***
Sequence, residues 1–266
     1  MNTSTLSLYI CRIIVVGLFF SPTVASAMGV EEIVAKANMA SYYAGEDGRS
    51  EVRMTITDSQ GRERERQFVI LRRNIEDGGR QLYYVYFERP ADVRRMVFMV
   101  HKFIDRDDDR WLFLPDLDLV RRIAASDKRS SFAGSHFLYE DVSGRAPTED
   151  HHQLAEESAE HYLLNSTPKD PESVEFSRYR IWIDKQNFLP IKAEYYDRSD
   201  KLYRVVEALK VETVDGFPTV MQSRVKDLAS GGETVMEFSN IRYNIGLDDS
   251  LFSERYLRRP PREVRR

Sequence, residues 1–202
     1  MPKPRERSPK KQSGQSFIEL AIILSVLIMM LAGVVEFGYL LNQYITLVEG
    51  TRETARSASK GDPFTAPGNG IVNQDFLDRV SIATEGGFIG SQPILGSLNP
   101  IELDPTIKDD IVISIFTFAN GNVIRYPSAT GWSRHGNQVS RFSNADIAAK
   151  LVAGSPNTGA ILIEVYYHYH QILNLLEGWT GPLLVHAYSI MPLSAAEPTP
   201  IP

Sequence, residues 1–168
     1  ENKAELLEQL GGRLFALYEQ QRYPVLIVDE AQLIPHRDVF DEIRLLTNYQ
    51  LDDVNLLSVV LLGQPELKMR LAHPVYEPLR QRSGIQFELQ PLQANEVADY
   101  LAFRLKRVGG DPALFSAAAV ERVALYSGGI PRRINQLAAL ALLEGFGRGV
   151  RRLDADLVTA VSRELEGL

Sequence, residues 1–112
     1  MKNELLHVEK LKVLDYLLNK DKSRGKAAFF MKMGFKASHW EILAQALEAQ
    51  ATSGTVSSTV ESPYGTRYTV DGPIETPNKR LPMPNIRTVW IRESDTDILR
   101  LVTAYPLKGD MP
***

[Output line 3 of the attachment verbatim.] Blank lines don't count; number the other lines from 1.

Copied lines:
    51  EVRMTITDSQ GRERERQFVI LRRNIEDGGR QLYYVYFERP ADVRRMVFMV